The latest greenhouse gas emission projections show New Zealand making small progress but still falling woefully short of international commitments.
It comes after the latest international climate change meeting, Conference of Parties (COP) 25, in Madrid was slammed widely as a failure for a lack of ambition from major emitters.
Climate change threatens to bring more frequent and extreme storms, drought and wildfire, reef-killing ocean acidification, and higher seas that could help swamp low-lying coastal communities here and around the planet.
Two-thirds of Kiwis live in areas already prone to flooding, and hundreds of billions of dollars of property and infrastructure are at risk.
Under the 2015 Paris Agreement, designed to keep global warming well below 2C, New Zealand pledged to reduce its emissions 30 per cent by 2030 on 2005 levels.
This would be based on keeping emissions over the 2021-2030 period within a "carbon budget" of 601 million tonnes.
While the targets could also be met by offsetting emissions through methods including carbon sinks and trading, New Zealand aims to reduce the vast majority domestically.
But in the Fourth Biennial Report released today, under the Government's own projections New Zealand was on track for just a 9 per cent reduction in gross emissions by 2030 on 2005 levels.
New Zealand had also pledged to reduce its emissions in 2020 5 per cent below 1990 levels (for the period 2013-2020). While net emissions were forecast to surpass this target, New Zealand could meet it by using surplus units after meeting a previous target.
The projected gross emissions to 2030 were 2.6 per cent lower, and net emissions - taking into account forestry and land use change - 9.7 per cent lower, than those projected in the last biennial report in 2017.
Climate Change Minister James Shaw said those reductions showed the Government's policies had made an impact, such as the One Billion Trees policy, but there was much more work to be done.
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"Even with our new policies we will not reach our 2030 commitment, and this tells us we need to go further and faster with our climate change programme.
"Our children and grandchildren will look back on reports like this and rightly tell us
that we knew exactly what needed to be done to help solve climate change.
"The question we must ask ourselves, then, is how we do things differently; how we create clean, safe and healthy communities for ourselves, our loved ones and future
The global Paris Agreement aims to limit global warming to well below 2C, and ideally below 1.5C.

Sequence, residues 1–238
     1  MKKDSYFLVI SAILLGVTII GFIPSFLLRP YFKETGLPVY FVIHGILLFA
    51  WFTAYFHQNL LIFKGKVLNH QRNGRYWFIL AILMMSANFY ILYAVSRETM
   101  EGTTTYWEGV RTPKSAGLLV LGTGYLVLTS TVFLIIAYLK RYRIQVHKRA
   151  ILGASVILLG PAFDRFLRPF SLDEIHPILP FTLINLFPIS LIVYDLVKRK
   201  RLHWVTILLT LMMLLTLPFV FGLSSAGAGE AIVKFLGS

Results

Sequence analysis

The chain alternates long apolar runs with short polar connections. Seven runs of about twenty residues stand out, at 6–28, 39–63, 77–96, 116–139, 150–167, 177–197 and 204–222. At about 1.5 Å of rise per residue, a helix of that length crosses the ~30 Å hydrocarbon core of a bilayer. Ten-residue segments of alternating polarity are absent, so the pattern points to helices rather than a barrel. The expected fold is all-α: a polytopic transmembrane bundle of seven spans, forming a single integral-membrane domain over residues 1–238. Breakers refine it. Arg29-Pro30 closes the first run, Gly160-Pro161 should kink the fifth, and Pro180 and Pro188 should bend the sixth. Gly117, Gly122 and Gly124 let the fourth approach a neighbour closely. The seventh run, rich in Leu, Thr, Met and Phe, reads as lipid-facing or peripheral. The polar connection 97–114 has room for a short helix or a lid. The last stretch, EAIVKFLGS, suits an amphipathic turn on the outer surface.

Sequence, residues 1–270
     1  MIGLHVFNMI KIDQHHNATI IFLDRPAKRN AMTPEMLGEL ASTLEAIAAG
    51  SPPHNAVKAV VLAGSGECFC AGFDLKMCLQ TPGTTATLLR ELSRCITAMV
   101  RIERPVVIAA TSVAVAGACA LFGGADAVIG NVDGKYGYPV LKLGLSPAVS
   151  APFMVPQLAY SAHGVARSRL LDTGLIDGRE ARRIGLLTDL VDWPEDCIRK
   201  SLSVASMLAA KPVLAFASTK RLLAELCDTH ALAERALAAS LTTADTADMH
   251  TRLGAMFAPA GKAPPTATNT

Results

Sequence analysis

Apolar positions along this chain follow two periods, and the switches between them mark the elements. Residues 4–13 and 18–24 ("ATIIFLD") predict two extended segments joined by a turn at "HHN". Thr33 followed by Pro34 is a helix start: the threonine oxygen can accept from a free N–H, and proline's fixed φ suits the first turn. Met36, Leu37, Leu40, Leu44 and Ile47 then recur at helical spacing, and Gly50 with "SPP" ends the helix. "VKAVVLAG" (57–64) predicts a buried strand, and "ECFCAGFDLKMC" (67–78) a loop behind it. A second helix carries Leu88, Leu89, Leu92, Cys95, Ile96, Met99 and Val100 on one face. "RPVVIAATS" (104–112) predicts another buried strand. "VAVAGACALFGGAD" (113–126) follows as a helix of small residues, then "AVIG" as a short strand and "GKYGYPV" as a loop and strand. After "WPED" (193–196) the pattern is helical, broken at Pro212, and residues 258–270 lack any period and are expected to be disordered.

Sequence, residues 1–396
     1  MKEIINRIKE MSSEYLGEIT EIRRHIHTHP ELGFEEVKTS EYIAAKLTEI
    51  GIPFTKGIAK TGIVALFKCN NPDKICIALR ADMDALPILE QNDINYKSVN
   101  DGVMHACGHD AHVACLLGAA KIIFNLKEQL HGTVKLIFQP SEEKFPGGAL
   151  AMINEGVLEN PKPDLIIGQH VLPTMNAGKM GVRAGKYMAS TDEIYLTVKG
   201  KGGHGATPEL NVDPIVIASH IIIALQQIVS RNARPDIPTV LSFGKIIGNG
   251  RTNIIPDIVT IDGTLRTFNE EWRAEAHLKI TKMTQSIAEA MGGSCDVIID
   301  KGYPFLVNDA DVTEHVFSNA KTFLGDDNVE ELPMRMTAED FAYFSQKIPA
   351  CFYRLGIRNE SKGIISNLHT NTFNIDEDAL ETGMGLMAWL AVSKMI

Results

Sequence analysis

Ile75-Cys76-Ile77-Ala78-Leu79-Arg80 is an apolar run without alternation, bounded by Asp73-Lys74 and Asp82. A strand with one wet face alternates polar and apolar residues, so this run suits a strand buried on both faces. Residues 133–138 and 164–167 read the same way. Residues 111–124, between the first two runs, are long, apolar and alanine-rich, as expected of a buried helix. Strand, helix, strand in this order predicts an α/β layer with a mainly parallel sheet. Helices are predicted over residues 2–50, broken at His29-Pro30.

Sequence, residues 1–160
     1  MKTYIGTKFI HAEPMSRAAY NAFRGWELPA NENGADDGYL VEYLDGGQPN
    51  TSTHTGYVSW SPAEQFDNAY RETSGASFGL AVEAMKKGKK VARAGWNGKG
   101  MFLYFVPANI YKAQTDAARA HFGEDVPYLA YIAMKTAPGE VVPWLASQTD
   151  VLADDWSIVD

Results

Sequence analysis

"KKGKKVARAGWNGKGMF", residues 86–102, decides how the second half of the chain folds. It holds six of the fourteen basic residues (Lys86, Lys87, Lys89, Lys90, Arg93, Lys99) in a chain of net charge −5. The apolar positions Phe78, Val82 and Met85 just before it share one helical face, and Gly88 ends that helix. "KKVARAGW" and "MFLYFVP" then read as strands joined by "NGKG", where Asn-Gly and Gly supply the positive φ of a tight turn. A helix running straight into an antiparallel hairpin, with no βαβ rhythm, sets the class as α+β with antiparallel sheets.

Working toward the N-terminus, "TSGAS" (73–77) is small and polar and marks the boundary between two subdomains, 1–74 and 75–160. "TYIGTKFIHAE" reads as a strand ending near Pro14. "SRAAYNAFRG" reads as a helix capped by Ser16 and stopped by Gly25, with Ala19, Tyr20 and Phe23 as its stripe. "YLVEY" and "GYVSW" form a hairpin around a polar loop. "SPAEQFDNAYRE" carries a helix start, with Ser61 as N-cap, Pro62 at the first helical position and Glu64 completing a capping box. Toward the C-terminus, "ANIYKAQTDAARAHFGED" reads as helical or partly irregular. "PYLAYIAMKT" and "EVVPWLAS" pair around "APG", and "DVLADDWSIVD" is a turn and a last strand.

A 2018 report, issued by the UN's Intergovernmental Panel on Climate Change (IPCC), found that to keep warming below 1.5C, CO2 emissions would need to be halved over the next decade, while other greenhouse gases like methane and nitrous oxide would also need to be forced down.
Without climate action, the world was heading for 4.5C of warming by 2100.
Current pledges, if fully realised, would see a rise of 2.8C.
According to Climate Action Tracker New Zealand's 2030 target was "insufficient", and was consistent with warming between 2C and 3C.
But Shaw disputed this, and said it would be role of the recently-appointed independent climate change commissioners to ensure New Zealand's targets were consistent with 1.5C, as per the Zero Carbon Act which came into force in November.
Despite a lack of ambition shown from some major emitters at COP25, Shaw said New Zealand was committed to its target, and focus on reducing domestic emissions rather than offsetting them through carbon credits.
"Our target has not changed, but the intention to increase the proportion of domestic reductions has, and is more ambitious. We do not intend on using get out jail free international carbon credits, and rather focus on decreasing domestic emissions."
The report showed New Zealand's gross emissions had increased 23.1 per cent since 1990, at an average growth of 0.8 per cent annually.
Projections showed gross emissions increasing slightly next year and levelling out, before decreasing from about 2025.
Methane from dairy cattle digestive systems and carbon dioxide from road transport were cited as contributing the most to the increase.
The largest contributors were agriculture at 48.1 per cent, and transport 40.7 per cent, in 2017.
Agricultural emissions growth was mainly due to an 89.6 per cent increase in the size of the national dairy herd since 1990, and the use of nitrogen-containing synthetic fertiliser which had increased about 650 per cent.
The Zero Carbon Act pledged to reduce emissions of all greenhouse gases except biogenic methane to net zero by 2050.
Biogenic methane would need to be reduced within the range of 24 per cent to 47 per cent by 2050, with an interim target to cut gross emissions of biogenic methane by 10 per cent below 2017 levels by 2030.
The independent Climate Change Commission - unveiled this week - would advise the Government on how to get to those targets and produce an emissions "budget" every five years saying how many emissions would be allowed in that period.